In 1967, a group of fellows, in the northwestern part of the Lower Peninsula of Michigan, stopped just talking about their old engines and antique equipment and decided to do something. They set a date; gathered up their old engines and equipment; and met at Joe Rebman’s farm to run them. The word quickly got out and many others gathered to watch. They all had such a good time that it was decided they should organize a non-profit club and make it an annual event.
The club was named the Northwest Michigan Engine & Thresher Club and over time the annual event became known as the Buckley Old Engine Show. Some of the founding members include: Joe Rebman, William and Sam Zue, C. Bronson, C. Coff, Morris Hulett, Carl Kreiser, Don Bantlet, Ervin and Dan Blough, Dale Gassman, C. Babcock, Clark Alexander, Ray and Leonard Clous, Keith Duff, and Basil Moored.
After a few years the club purchased 70 acres of land west of the town of Buckley and began a serious building program. Construction of permanent exhibits like the sawmill and veneer mill were started and facilities to handle crowds of people. At show time, the population of the small town of Buckley changes from a few hundred to several thousand. Over the years the club grounds has grown to more than 200 acres of land and a membership of more than 550 families.
In 1986 the club purchased a 40-70 Flour City tractor. It has rear wheels that are over 8 feet high. This tractor has become the club logo.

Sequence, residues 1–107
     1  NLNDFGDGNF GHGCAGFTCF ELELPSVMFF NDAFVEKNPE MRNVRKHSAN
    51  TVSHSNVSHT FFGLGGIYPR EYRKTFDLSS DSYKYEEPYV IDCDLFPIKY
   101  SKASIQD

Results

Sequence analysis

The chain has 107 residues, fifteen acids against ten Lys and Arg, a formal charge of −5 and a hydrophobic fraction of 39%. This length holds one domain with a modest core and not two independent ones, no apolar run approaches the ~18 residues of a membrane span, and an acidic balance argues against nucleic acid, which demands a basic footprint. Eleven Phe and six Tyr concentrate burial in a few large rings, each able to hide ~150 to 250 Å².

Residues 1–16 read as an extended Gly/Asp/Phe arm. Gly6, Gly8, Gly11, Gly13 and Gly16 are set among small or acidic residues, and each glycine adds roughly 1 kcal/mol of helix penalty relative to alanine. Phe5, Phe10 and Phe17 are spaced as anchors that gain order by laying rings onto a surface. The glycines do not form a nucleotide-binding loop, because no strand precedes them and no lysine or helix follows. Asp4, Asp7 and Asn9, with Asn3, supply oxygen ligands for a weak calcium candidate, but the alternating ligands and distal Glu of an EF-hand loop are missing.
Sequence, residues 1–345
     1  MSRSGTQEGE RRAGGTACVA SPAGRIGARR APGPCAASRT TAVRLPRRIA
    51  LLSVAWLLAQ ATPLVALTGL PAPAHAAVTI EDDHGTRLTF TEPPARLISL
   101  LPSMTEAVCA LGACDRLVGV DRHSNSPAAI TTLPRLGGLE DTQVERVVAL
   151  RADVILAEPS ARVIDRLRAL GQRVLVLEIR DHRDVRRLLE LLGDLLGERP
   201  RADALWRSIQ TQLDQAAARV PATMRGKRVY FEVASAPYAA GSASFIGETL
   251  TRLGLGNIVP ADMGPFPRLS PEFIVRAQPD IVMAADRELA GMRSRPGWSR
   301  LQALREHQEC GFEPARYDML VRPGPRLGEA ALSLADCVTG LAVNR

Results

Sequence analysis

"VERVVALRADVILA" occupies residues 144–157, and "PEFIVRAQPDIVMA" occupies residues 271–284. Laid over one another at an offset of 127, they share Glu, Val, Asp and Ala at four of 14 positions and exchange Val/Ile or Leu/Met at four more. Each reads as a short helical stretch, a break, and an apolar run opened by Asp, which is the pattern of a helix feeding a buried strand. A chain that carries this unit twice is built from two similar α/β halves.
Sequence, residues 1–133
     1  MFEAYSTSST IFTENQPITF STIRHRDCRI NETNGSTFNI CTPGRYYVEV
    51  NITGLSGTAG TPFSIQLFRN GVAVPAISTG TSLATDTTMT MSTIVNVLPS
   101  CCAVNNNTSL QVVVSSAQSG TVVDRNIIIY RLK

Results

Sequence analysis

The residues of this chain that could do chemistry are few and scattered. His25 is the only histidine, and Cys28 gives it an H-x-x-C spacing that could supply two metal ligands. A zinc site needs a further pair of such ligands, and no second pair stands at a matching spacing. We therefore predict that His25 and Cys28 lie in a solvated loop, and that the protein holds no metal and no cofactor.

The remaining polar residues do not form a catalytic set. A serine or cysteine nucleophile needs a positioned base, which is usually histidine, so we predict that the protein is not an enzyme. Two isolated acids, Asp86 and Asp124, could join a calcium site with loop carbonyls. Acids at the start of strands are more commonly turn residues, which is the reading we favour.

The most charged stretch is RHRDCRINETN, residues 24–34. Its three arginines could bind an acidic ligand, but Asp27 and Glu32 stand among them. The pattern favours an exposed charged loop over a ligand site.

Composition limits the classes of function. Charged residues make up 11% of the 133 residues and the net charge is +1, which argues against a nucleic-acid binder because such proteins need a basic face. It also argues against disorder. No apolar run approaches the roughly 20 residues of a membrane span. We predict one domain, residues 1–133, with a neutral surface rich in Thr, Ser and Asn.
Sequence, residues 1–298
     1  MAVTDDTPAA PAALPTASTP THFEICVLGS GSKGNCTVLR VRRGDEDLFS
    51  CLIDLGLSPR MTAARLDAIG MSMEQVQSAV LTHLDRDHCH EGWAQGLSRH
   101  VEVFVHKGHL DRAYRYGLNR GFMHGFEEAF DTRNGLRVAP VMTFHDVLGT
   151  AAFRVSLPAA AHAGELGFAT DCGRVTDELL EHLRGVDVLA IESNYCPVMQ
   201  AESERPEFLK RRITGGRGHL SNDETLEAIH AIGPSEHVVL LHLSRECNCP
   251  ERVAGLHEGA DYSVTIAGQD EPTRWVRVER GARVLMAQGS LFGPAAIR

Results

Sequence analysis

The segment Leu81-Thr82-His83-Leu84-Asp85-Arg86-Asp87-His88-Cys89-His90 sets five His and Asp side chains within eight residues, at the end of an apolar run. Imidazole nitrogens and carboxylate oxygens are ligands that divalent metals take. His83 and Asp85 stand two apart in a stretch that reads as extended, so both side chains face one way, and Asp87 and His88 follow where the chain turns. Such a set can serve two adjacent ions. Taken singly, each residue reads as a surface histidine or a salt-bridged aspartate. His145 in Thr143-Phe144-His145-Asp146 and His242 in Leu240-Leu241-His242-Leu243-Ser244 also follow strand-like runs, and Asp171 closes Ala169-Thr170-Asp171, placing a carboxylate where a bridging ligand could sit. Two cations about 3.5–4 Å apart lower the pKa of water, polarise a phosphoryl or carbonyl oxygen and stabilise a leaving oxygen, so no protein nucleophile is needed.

The club may have started as a bunch of men showing-off their old engines, but it has become much more. Now whole families participate in the activities of the club. Not only do “old men” run things, but so do young men, sons and daughters, brothers and sisters, mothers and grandparents. Many hours are spent together constructing new exhibits, maintaining the club grounds, painting signs and buildings. During the show not only are we running the exhibits, but we are directing traffic, operating the shuttles, manning the information booths, cleaning the rest rooms, and emptying the trash cans.
This club is not only dedicated to the preservation of antique mechanical equipment and entertaining people at our shows, but to educating newer generations on how our great agricultural and industrial development came to be. When attending our show, if there is anything you don’t understand about the exhibits; please ask a club member; we will be happy to try to answer your question.